LibraryThing member tuckerresearch
A classic piece of what I call "speculative history." It might not be true, in fact, who the hell REALLY believes that Venus was a comet that got spit out of Jupiter? But it is necessary for science and history to be shaken up from time to time with unconventional theories compotently written and
Show More
Show Less
LibraryThing member sockatume
I have read many classics of Fortean literature that turned out to be anthropologically intriguing, entertainingly written or simply striking historical objects. This is not one of them and I regret bothering to pull it down from my shelf.

The scholarship is atrocious. Velikovsky rarely builds an
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argument by strict reason, preferring instead to state his interpretation then beat the reader in to submission with page upon page of quotes from historical sources that he feels support it. What constitutes evidence varies: sometimes a close apparent synchronicity in time and event, but more often than not a superficial similarity of incident or general closeness in era. Metaphorical texts may be read as literal and vice versa if it suits the author's purpose. The cataclysms proposed are justified by the interpretation of the examples, while the interpretation of the examples is made in the context of the same supposed cataclysms; and down the drain of circular reasoning the book goes for page after endless page. (Velikovsky only briefly discusses the scholarly merits of his interpretative approach around page 300. I imagine he did not want the reader to look at it too closely.)

The sources cited are seldom from within two decades of the book's publication which is a particular issue for Velikovsky's scientific arguments, which supposedly ground the whole endeavour. (One cannot make points about astronomy in 1950 based on the state of the science in 1800-1930.) The author casually treats planets and comets as similar entities (except where his argument requires them to be wholly distinct classes of objects) in a manner that suggests a disinterest in this side of his own case. The coup de grace comes in the desperate Epilogue, where Velikovsky argues that we must make way for a new astronomy on the basis of these historical cataclysms, although the idea that the cataclysms themselves occurred depends entirely on those selfsame astronomical ideas. This is a book that is constantly trying to lift itself up by its own bootstraps.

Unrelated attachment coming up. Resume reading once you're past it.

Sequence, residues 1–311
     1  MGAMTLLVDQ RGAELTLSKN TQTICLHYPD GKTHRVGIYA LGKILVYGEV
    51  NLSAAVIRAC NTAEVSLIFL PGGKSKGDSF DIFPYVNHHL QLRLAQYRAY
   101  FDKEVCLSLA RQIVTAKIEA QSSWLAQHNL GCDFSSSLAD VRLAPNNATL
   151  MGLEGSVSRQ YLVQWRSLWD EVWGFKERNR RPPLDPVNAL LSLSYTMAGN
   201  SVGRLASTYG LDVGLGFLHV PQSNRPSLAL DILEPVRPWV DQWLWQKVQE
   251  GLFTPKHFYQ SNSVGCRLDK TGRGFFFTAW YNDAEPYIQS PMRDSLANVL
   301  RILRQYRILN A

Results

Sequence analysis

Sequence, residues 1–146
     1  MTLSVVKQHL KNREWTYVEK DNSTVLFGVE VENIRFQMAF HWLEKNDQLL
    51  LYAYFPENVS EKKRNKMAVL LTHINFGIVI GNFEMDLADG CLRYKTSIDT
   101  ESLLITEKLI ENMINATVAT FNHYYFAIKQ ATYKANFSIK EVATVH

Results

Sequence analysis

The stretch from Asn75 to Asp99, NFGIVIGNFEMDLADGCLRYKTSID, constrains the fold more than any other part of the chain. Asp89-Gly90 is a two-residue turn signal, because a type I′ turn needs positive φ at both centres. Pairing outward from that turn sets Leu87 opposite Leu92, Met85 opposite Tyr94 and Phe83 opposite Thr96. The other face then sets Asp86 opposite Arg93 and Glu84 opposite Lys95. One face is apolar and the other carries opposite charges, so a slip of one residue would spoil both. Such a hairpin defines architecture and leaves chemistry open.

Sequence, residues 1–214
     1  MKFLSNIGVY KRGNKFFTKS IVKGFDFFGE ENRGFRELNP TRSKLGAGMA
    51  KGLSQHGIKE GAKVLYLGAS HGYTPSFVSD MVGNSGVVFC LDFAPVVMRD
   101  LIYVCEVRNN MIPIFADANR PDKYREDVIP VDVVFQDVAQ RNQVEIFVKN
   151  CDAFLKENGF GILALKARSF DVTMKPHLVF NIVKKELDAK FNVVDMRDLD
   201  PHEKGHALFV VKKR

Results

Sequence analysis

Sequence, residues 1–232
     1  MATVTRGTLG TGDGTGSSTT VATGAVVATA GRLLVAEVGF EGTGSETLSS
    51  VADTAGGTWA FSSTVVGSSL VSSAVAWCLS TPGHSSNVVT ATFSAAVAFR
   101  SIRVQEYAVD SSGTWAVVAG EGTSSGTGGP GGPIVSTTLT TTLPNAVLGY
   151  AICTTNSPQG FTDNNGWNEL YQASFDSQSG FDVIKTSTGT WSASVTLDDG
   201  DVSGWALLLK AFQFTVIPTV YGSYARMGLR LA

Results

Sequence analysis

This was ostensibly a deeply controversial book in the 1970s (when my copy was printed and at which point most of its sources were four decades or more out of date). Its popular appeal had led me to assume it must at least have some drive or scholarly strength despite its ultimately wrongheaded conclusions. Instead it somehow manages to be as tedious as it is fatuous.
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LibraryThing member DinadansFriend
Given the premise of planetary collisions, Immanuel Velikovsky tries to establish the date when Venus, ejected from Jupiter, narrowly missed colliding with the Earth. He works with literary and geological evidence available in the 1940's. It is a sensational and controversial work, chiefly useful
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for reminding scientists and the general public, that never embrace the idea that the knowledge in a given field is fixed and will not be subject to revision. By and large the book itself contains little of value, yet it inspired a great deal of education of the general public by more respectable and insightful scientists, in the 1950's and 1960's as Mr. Velikovsky continued his writing career.
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Original publication date


Physical description

389 p.; 6.8 inches


067181091X / 9780671810917